Stage 2- Reptile River

Ok so they weren't too creative with the stage names in this game, but at least the gameplay is good.  On this stage GEE must swim through a crocodile infested river and reach the other side.  Although you're armed with a knife, it's often far easier to avoid the crocodiles all together rather than trying to kill them.  However if must shed blood then make sure you don't hit them when their jaws are open all the way or you're crocodile food.  The crocs on the lower levels of the river are worth more points, but watch out for the rogue crocs that move in quickly in erratic patterns.  Also watch your air meter if you decide to take a dive, because if you run out of air you'll loose a life.  Every now and then you'll run into some strange looking air bubbles coming up from the bottom of the screen, this is the 'Mysterious Murk' (no I didn't make that up!).  Touching the murk isn't deadly, but it will trap you and slowly bring you up to the surface.  When you're trapped by the murk you can't move or use your knife so you're sort of a sitting duck.  Be careful around the murk (it's mysterious for gods sake!).  After reaching the far bank of the river you'll arrive at.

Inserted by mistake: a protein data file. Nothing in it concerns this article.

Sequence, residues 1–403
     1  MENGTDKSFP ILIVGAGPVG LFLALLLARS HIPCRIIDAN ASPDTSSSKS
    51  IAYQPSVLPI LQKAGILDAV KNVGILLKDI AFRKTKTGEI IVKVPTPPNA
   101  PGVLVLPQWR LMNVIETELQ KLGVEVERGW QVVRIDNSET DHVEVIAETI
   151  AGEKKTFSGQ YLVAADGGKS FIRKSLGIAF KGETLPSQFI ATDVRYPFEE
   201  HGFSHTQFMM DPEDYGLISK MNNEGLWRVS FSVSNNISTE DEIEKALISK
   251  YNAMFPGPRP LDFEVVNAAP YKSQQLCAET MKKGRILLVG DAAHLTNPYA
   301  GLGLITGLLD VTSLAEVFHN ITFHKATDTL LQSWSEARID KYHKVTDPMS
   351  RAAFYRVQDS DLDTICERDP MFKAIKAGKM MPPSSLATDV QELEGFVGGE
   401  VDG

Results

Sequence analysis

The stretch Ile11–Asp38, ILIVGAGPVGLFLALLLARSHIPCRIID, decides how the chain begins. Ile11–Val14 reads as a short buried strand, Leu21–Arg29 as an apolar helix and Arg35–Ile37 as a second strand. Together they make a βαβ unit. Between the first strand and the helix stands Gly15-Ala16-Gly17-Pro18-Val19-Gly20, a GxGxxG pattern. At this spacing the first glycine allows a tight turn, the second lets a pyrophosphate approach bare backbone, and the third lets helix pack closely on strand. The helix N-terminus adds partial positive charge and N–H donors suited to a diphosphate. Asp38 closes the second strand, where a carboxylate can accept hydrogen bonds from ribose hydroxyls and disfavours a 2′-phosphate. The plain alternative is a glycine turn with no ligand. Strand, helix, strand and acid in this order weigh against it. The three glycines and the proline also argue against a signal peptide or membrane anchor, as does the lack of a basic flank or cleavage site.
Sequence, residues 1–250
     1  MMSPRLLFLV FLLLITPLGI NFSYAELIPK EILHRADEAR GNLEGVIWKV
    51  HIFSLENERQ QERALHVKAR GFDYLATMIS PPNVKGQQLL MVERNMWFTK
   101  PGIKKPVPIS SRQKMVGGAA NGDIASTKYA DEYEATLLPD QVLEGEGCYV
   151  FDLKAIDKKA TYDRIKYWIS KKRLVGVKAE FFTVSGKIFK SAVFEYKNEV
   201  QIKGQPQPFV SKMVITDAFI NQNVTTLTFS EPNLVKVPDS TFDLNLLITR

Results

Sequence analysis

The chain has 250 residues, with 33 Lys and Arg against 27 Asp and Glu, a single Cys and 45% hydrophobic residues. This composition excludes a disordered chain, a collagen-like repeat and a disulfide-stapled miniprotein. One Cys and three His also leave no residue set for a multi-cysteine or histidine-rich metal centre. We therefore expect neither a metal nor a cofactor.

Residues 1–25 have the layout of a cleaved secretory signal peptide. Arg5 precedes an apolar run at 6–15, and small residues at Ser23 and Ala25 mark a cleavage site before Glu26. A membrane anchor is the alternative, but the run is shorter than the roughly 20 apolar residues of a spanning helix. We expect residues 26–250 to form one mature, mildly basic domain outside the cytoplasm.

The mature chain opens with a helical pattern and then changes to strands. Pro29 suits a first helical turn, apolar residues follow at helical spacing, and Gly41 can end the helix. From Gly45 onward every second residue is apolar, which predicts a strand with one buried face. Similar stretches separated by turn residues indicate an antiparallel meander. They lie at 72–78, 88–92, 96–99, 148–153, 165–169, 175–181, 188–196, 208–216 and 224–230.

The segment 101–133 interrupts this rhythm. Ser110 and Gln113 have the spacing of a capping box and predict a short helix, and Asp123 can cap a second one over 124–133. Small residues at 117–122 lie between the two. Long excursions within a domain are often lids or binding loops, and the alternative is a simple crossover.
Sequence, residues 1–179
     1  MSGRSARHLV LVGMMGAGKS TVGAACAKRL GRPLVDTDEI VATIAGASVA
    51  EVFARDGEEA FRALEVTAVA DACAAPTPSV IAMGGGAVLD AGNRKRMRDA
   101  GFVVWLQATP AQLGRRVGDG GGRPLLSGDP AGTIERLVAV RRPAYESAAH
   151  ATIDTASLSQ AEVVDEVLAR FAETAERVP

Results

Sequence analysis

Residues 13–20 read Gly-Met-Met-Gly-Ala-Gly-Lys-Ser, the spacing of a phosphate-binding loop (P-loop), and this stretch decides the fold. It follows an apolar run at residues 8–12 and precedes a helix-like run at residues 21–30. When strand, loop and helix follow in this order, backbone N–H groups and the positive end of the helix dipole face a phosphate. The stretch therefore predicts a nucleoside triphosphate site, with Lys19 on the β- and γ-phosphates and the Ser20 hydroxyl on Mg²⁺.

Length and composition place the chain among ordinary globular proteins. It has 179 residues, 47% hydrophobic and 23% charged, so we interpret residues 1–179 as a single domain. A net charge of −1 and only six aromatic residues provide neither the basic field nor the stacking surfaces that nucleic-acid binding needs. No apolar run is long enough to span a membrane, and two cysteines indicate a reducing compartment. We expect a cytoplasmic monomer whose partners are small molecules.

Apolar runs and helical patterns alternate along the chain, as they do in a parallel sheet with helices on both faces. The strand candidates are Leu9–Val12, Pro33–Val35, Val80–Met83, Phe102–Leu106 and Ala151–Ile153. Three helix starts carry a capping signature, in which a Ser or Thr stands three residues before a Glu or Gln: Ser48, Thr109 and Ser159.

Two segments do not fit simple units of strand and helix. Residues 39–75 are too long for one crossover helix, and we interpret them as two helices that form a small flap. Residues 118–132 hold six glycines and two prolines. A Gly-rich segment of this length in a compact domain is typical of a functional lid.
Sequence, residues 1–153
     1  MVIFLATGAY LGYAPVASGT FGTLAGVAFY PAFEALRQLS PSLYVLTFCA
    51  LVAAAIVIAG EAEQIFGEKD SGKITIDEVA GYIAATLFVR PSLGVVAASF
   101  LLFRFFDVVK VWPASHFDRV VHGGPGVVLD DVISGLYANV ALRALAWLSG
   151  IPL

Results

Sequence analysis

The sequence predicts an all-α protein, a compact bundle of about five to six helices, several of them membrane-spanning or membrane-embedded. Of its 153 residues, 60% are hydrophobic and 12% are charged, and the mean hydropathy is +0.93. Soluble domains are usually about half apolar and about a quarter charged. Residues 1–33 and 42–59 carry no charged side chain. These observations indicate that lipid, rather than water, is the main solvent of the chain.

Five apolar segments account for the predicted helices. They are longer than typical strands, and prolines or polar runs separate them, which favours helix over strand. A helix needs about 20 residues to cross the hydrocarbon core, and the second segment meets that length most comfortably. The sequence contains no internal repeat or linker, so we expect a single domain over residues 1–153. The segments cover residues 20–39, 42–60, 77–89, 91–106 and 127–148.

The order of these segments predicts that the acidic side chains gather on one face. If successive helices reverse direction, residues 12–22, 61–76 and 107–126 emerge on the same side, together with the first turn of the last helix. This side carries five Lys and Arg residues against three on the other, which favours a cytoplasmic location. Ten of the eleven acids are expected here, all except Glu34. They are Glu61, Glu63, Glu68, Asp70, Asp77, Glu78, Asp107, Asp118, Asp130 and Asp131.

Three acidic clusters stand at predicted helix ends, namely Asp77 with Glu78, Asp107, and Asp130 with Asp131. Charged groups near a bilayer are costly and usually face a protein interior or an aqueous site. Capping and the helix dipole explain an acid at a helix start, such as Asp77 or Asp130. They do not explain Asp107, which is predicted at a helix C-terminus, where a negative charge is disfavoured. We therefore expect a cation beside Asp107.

Stage 3 - Boulder Field

What no Hill of Deadly Rocks or Mountain of Doom?  I guess Boulder Field will have to do (even though it's a hill not a field).  On this stage GEE must climb up a gigantic hill while avoiding massive amounts of rolling boulders.  Boulders come in two sizes: Small and Extra Large.  The small boulders are quite easy to jump over and shouldn't pose a problem unless encountered in pairs (that requires some careful timing), but extra large boulders are trouble.  While it is possible to jump over the large boulders if you time it correctly, it's often easier to just duck under them.  By running up to the boulder and ducking, the boulder will bounce over your head (assuming you timed it correctly).  Ducking under small boulders is possible, but not recommended since it's pointless and difficult.  After jumping a set number of boulders you'll finally arrive at: